- The main benefits and features of what you’re selling
- How much each item will cost you vs. what you’ll be selling it for
- How each item will be created or sourced: which suppliers are you getting your inventory from, if any? Do you have existing relationships with suppliers or will you have to create them?
If you plan to offer more or different products later down the line, outline that in this section as well.
Competitor and market analysis
It’s important to look at what your competitors are doing to get a sense of which needs are being met and where the biggest gaps in the market lie. Make sure you explain how you’re positioning yourself and why you offer something different or better than what already exists. Include the following information:
- Competitor analysis: who are your competitors? What seems to be working for them and what doesn’t? How long have your competitors been in business? Are they growing?
- Industry trends: talk about the current trends and future predictions for your industry. Is it popular or growing?
- SWOT analysis: a SWOT (strengths, weaknesses, opportunities and threats) analysis details exactly what it sounds like it does. Think about what your biggest strengths and opportunities are, as a business. On the flip side, is there anything that may be a potential threat to your success?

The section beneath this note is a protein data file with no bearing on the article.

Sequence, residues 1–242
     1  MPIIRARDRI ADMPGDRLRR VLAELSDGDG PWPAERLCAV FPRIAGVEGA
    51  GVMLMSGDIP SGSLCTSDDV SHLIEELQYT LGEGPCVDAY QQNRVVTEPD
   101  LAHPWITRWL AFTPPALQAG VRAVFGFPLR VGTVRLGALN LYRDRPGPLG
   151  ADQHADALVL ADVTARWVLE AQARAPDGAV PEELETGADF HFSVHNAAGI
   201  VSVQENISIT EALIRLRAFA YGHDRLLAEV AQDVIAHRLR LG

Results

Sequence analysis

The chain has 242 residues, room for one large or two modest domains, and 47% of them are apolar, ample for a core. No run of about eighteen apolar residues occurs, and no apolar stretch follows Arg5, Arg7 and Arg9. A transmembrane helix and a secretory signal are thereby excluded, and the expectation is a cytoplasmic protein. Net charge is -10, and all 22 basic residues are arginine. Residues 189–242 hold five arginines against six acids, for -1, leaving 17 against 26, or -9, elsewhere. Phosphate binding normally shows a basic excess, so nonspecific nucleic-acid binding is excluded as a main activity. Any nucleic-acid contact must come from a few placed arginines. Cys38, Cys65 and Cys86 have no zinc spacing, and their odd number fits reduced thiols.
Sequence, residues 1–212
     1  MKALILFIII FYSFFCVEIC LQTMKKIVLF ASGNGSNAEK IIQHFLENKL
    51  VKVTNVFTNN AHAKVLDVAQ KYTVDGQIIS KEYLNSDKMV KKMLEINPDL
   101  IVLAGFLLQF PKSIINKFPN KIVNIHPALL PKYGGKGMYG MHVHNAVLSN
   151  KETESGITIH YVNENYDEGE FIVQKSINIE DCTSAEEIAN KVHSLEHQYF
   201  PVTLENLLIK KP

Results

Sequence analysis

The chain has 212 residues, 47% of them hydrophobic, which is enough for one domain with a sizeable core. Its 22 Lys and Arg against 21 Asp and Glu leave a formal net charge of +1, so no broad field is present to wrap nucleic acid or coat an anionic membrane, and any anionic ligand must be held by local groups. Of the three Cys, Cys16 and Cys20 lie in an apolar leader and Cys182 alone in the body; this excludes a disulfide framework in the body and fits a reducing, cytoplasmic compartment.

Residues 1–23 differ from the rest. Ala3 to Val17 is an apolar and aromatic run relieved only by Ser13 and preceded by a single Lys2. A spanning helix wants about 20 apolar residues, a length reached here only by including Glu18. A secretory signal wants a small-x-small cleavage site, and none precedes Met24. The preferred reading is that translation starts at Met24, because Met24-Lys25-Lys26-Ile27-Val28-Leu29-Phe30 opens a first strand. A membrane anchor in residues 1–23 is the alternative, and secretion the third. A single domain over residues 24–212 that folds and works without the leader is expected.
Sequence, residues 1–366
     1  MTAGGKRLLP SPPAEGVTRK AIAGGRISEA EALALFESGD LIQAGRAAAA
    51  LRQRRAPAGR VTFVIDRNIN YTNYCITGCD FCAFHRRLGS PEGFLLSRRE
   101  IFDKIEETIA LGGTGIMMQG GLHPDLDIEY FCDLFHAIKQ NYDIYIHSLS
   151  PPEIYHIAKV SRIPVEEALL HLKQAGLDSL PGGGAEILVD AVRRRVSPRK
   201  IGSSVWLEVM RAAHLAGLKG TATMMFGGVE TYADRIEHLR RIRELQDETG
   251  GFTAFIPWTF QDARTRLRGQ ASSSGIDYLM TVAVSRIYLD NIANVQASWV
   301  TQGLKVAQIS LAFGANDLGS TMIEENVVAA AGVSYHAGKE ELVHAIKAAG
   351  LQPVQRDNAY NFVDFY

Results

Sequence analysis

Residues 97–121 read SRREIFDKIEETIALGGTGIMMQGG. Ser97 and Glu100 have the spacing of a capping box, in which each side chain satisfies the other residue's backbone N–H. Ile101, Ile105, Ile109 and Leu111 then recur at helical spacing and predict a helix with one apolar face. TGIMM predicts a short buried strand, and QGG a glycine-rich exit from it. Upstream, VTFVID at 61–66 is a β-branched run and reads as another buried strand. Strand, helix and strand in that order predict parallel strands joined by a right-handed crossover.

- Target customer: what kind of person you’re aiming to target. Who is going to shop at your store? Where do they live, how old are they and what are their main pain points? What are they looking to get out of a clothing store, and how will you serve their needs?
Clothing marketing strategies
As a new business, you’ll need to promote yourself to bring customers in the door. Use this section of your business plan to explain to investors and your team how you intend to do that.
- Which marketing channels do you plan to use? Are you going to use email marketing, social media marketing, SEO blogging, PR or influencer marketing?
- Do you plan to run paid advertisements or only market your business organically, or both? If you plan to pay for advertising, you’ll need to include this budget in your costs section.
- How will you measure the success of your marketing efforts? Which metrics will you examine to determine whether or not you met, exceeded or fell short of your goals?
The structure of your business will have a big impact on how it’s taxed and managed. Define your plans for incorporating as well as your org chart:
- How is your business defined, legally? Is it an LLC, an S-Corporation, or a partnership or unincorporated?
- Who is running the clothing business? List the founders and what each person brings to the table in terms of skills and capital.